Integral to the built up fabric of the city, are many different types of open spaces. The spaces have arisen for many different reasons and differ greatly in use, extent and character.
Within the city centre many open spaces, such as small parks and urban squares, were first defined as early as the medieval period. Castle Hill is one of the oldest and longest serving public squares in the city, and is still host to a number of markets and events including Lincoln’s Christmas Market. Cornhill off High Street was originally the churchyard of St. John, but was converted for use as a Cornmarket from the mid 16th century. In comparison City Square has more recent origins, being created through a regeneration scheme in 1983. These squares are important public spaces, often serving as an event space for markets and fairs. Several cemeteries and churchyards in particular survive in the city centre, some of which are still used for their original function, whereas others have been converted into small parks or squares. Many, such as the former churchyards of St. Martin’s and St. Benedict’s in High Street Character Area, retain original features such as gravestones and boundary walls. However, in almost all instances open spaces have been altered to enable them to be used as a recreational space. These types of locations are often very central as they were associated with Medieval churches located in the historic core of the city.
Fig. 1 St. Benedicts Square and surviving church off the west side of High Street
Outside of the immediate city centre Lincoln has a variety of parks and gardens, some of which have been purposely designed, such as The Victorian Arboretum and Temple Gardens, whereas others have come about through the re-use and regeneration of land. One of the city’s earliest designed parks survives only as a raised footpath. Besom Park was created in the mid 18th century as a parambulation along the former lower city western defences. Temple Gardens immediately west of the city centre was created as a fee paying garden in the late 19th century, and the Arboretum further east was built in 1871 as part of the city’s Victorian expansion. In the heart of the city, are the parkland style gardens within the fortified enclosure of the Lincoln Castle. In other parts of the city parks have been developed as part of the regneration of former industrial land, such as Greetwell Hollow in Greetwell Quarry and Swanholme Lakes Nature Reserve.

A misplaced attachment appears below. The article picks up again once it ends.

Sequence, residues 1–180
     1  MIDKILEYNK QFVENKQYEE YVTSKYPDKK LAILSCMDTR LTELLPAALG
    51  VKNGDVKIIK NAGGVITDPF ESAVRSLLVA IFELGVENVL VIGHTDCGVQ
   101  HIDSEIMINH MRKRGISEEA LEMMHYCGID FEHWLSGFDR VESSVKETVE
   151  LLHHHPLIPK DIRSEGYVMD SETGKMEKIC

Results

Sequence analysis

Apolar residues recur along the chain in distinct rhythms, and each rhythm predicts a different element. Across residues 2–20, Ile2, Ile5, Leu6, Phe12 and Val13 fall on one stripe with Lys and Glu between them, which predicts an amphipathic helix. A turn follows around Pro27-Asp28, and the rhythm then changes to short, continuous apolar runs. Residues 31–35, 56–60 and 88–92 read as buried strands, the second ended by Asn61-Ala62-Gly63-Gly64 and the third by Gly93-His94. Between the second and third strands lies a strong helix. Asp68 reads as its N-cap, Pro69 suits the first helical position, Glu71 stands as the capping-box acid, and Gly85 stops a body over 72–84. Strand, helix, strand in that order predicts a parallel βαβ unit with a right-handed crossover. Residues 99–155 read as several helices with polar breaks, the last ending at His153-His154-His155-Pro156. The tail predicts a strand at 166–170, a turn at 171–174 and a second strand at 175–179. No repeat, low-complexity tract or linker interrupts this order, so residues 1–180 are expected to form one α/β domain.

Fig. 2 View of Temple Gardens in Lindum Hill Character Area
Two other parks in the south of the city are the surviving elements of extensive private estates from the 19th century. Boultham Park and Hartsholme Country Park are parts of former estates where the main house has been lost but part of the grounds have been given over to Local Authority control. As a result, it is possible to see aspects of the ‘private’ past in these public parks such as the formal garden with a fountain in Boultham Park, and the stable block and boating lake at Hartsholme Park.
Allotment sites can also be found across the city, some on the edges of the urban area such as those in St. George’s Character Area, on Burton Ridge and South Common whereas others are closely integrated with residential areas such as those on Long leys Road and Wragby Road.
Private gardens also contribute to the city’s green spaces. The majority of properties have their own private spaces whether it be a small courtyard or a large garden, with the size of the space often depending on its location in the city and the type of property. For example, some of the largest gardens in the city can be found around the properties built in Lindum Terrace Character Area where there are large detached properties set in extensive grounds. Although gardens are not publicly accessible cumulatively they contribute to the green and suburban character of many parts of the city.
Fig. 3 Mature trees creating a suburban character along roads in the south of the city
Waterways, such as river and drains, plus their associated river corridors, are also important elements of Lincoln’s natural open spaces. The waterways are used for several leisure activities including pleasure boating and fishing but they are also often accompanied by river-side paths that are used for walking and cycling.
Closer to the city centre the waterways and Brayford Pool and much more ‘urbanised’ water features, often with tall concrete sides, railings and little in the way of natural verges. However, they are still large open areas that permit wider views and provide a ‘natural’ element in an otherwise heavily urbanised environment (see Brayford Pool, Sincil Street Character Areas). Brayford Pool in particular is popular as a waterside setting for eating and drinking. In urban areas these extensive open areas can be obscured by development or disconnected by infrastructure or even topography, preventing easy use of the open spaces by urban communities (e.g. Wigford Way and the Brayford, and Castle Hill and Steep Hill).
Fig. 4 Canal boats moored on the banks of the Brayford
Overall open spaces offer tranquil places in the city and opportunities for recreation such as cycling and walking. They break up the built environment by proving ‘natural’ elements in the townscape such as a low level of noise, wider views and lower sense of enclosure.